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generalists and specialists

Posted Apr 16 2011 11:56pm

Laura R. I'm glad things seem a little less aggravating today. The issues you ran into this week may come up again, so it's worth saying a couple of things.

Therapists are trained first to become generalists- to possess a broad and in-depth knowledge of the entire field. Some therapists remain generalists, which is totally cool. These therapists often work with a wide range of clients, and they can work in a wide variety of settings.

Some therapists elect to pursue further training in an area of specialization. It's like with medical doctors: they are all trained to be generalists first, and then they can choose to specialize (in psychiatry, podiatry, oncology, dermatology...) after they've completed their general training.

Generalists can handle many, many things. Again, think of a medical doctor. You can go to your primary care doc for a wide variety of issues, right? That doc can treat an enormous array of illnesses and injuries. He or she can also treat some things that a specialist would treat.

But, there is a limit to what a primary care doc feels comfortable treating. He or she will refer you to a specialist for more in depth assessment, diagnosis and/or treatment. This is no slight on the primary care doc- it's only a reflection of how many, many medical issues there are in the world and how one doctor couldn't possibly know everything about every single one of them.

It's the same with therapy. Generalist therapists are great. The vast majority of people do just fine with someone who's well trained, competent, experienced, generalist. In some cases, a specialist is a more appropriate choice.

It's easy to see this when we think of medicine: if you had a serious problem with a bone in your left foot, and your primary care doctor wasn't sure what was up, you'd go see a podiatrist. And it wouldn't occur to you to go meet with a dermatologist, right? You'd go to the foot guy.

If you have an eating disorder, you wouldn't meet with a therapist who really knows sleep problems. Your best bet is to work with someone who knows eating disorders in depth.

Now, having said that, there are some cases where either someone can't or doesn't want to see an ED specialist. Sometimes there isn't a therapist in the area who's a specialist. Or sometimes someone is already well situated with a therapist before the ED begins, and he/she doesn't want to change to a new therapist.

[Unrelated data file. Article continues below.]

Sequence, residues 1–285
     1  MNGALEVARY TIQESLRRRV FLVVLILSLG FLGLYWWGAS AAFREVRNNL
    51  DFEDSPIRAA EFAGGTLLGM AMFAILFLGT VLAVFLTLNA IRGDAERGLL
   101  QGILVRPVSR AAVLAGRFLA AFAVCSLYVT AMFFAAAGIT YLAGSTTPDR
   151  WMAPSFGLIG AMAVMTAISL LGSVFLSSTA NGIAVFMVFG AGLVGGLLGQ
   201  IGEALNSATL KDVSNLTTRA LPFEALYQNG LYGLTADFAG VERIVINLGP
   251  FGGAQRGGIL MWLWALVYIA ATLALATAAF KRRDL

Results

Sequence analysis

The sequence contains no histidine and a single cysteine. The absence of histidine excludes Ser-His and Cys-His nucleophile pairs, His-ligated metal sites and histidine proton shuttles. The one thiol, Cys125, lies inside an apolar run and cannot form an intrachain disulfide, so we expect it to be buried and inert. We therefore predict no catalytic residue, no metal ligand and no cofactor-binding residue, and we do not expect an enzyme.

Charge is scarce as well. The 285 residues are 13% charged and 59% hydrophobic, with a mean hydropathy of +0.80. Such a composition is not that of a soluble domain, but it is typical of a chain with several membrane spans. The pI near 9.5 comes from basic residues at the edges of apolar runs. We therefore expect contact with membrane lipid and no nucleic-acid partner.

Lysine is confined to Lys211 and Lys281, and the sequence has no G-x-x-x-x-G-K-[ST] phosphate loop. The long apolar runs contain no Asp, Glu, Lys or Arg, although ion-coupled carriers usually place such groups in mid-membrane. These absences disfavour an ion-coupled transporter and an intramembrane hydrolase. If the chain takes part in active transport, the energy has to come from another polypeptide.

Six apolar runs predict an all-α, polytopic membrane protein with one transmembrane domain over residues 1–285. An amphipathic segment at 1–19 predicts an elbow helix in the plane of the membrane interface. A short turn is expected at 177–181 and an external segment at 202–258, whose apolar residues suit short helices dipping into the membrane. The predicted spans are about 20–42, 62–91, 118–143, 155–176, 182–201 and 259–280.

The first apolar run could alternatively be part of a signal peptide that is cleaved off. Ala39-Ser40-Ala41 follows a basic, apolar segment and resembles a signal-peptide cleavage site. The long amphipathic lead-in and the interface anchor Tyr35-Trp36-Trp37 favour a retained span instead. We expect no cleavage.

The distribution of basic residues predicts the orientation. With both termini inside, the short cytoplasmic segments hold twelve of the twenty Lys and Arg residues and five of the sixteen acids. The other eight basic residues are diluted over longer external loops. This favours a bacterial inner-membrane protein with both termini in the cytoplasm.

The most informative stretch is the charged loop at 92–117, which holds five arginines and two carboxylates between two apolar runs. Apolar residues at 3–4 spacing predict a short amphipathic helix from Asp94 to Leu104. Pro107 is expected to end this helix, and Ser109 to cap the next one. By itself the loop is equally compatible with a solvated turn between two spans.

Sometimes this is worth a try, and sometimes it does work out well.(and, just so you guys know, I'm talking about relatively mild eating disorders here. my vote in general, and certainly for moderate, serious or severe EDs is for the sufferer to work with a team where everyone is a specialist- these illnesses are simply too dangerous and too complicated to not have specialists on board)

There are a few options for the therapist and the client in the situation where the therapist isn't specializing in EDs. One is, as Wendy pointed out, for the clinician to get consultation and training in eating disorders. Another is for the client and/or the client and therapist together to consult periodically with a specialist who can help them make sure nothing is falling through the cracks.

Laura R, it's going to be important to keep talking to your therapist about this issue. Not every minute, or even every session maybe... but to keep track of how this is going. He may be an awesome therapist; he just doesn't happen to know about eating disorders. Over time, you and he will want to make sure things are going in the right direction. One of the tricky things with these eating disorders is that clinicians and client often don't even realize what may be falling through the cracks if they don't know what to be looking for. And, then, so many things may have fallen through the cracks that the client gets into medical and/or psychological trouble.

Like with the rest of your treatment, take this slow, ask questions (don't be afraid to keep talking to your therapist about this- he shouldn't be afraid to talk about the issue, and you aren't insulting him or criticizing him by bringing it up). And keep talking to the rest of your treatment team also. This is a team effort- so make sure you include and utilize everyone you have!

One last facebook thing for today: you guys are really sweet how you're trying to help each other friend or like my page, and you're really sweet that you want to be on my page. We're still in the middle of this transition with it- me, and you guys. Just want to remind you there's no way to make a mistake with it. You can't possibly screw it up. Just play around with it and get used to it existing and see how it goes... that's my strategy :) 


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